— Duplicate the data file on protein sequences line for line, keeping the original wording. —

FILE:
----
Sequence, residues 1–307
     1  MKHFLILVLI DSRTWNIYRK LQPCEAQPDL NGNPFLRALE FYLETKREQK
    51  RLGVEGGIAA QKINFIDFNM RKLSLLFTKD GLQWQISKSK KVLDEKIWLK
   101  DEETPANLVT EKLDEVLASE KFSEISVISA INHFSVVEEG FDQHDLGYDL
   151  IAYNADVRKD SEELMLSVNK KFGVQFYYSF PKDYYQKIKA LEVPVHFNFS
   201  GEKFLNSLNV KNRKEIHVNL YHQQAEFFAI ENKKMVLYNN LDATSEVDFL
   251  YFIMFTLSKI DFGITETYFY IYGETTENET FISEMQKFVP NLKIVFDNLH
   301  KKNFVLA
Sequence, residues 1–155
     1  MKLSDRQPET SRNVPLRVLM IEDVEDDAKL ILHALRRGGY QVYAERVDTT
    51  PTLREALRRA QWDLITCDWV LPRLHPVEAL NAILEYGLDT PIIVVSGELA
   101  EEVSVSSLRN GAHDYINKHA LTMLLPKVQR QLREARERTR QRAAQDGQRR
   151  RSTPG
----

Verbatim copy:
Sequence, residues 1–307
     1  MKHFLILVLI DSRTWNIYRK LQPCEAQPDL NGNPFLRALE FYLETKREQK
    51  RLGVEGGIAA QKINFIDFNM RKLSLLFTKD GLQWQISKSK KVLDEKIWLK
   101  DEETPANLVT EKLDEVLASE KFSEISVISA INHFSVVEEG FDQHDLGYDL
   151  IAYNADVRKD SEELMLSVNK KFGVQFYYSF PKDYYQKIKA LEVPVHFNFS
   201  GEKFLNSLNV KNRKEIHVNL YHQQAEFFAI ENKKMVLYNN LDATSEVDFL
   251  YFIMFTLSKI DFGITETYFY IYGETTENET FISEMQKFVP NLKIVFDNLH
   301  KKNFVLA
Sequence, residues 1–155
     1  MKLSDRQPET SRNVPLRVLM IEDVEDDAKL ILHALRRGGY QVYAERVDTT
    51  PTLREALRRA QWDLITCDWV LPRLHPVEAL NAILEYGLDT PIIVVSGELA
   101  EEVSVSSLRN GAHDYINKHA LTMLLPKVQR QLREARERTR QRAAQDGQRR
   151  RSTPG